Such then I was; and such was my mission, on this fifteenth day of June, as I rode up with James my man—a servant found for me in Rome, who had once been in the service of my Lord Stafford—to the door of the lodgings engaged for me in Covent Garden Piazza above a jeweller's shop.
* * * * *
It was after sunset that we came there; and all the way along the Strand, until we nearly reached the York Stairs, I had said nothing to my man, but had used my eyes instead, striving to remember what I could of seven years before. The houses of great folk were for the most part on my left—Italianate in design, with the river seen between them, and lesser houses, of the architecture that is called "magpie," on the right. The way was very foul, for there had been rain that morning, and there seemed nothing to carry the filth away: in places faggots had been thrown down to enable carts to pass over. The Strand was very full of folk of all kinds going back to their houses for supper.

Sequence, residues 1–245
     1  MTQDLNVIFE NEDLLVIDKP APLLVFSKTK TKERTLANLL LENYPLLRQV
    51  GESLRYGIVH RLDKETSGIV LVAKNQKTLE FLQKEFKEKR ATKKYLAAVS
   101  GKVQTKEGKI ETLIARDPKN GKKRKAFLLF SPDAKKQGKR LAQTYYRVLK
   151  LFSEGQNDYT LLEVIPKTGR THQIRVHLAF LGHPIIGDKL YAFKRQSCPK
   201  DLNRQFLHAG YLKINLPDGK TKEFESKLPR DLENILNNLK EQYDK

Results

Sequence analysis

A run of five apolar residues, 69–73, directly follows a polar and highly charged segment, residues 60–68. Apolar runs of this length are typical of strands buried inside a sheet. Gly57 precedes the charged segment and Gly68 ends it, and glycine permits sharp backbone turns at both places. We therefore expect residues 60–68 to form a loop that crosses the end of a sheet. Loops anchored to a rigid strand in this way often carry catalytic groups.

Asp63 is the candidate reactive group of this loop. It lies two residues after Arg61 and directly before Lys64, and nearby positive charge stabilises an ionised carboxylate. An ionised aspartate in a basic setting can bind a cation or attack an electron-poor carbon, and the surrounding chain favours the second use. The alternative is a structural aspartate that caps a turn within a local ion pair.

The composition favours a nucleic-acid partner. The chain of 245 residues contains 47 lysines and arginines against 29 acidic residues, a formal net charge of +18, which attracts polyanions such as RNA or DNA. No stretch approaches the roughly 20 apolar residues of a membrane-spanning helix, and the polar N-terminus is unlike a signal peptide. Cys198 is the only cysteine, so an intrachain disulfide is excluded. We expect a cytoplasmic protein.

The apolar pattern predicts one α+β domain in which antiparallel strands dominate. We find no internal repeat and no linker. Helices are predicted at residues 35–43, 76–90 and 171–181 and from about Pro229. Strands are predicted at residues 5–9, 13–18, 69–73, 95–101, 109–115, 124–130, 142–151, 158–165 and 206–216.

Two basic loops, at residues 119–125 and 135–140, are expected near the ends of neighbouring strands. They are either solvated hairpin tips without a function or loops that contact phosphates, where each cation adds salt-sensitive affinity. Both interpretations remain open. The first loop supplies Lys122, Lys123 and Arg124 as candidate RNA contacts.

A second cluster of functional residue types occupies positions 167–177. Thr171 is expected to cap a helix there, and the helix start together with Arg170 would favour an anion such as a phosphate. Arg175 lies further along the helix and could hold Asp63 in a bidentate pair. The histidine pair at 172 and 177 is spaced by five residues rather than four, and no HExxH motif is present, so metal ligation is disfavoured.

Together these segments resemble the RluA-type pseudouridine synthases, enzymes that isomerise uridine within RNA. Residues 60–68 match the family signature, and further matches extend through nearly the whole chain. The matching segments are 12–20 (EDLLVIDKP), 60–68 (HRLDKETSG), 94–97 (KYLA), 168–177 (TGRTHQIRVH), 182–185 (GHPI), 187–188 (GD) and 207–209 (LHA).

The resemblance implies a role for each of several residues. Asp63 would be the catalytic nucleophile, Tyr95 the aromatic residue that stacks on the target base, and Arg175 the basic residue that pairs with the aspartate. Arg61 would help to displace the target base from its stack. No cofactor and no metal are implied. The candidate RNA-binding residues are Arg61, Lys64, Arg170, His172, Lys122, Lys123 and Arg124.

Covent Garden Piazza was a fairer place altogether. It was enclosed in railings, and a sun-dial stood in the centre; and on the south was the space for the market, with a cobbled pavement. To the east of St. Paul's Church stood the greater houses, built on arcades, where many fashionable people of the Court lived or had their lodgings, and it was in one of these that I too was to lodge: for I had bidden my Cousin Jermyn to do the best he could for me, and his letter had reached me at Dover, telling me to what place I was to come.
As I sat on my horse, waiting while my man went in to one of the doorways to inquire, a gentleman ran suddenly out of another, with no hat on his head.
"Why, you are my Cousin Roger, are you not?" he cried from the steps.
"Then you are my Cousin Tom Jermyn," I said.
"The very man!" he cried back; and ran down to hold my stirrup.
All the way up the stairs he was talking and I was observing him. He seemed a hearty kind of fellow enough, with a sunburnt face from living in the country; and he wore his own hair. He was still in riding-dress; and he told me, before we had reached the first landing, that he was come but an hour ago from his house at Hare Street, in Hertfordshire.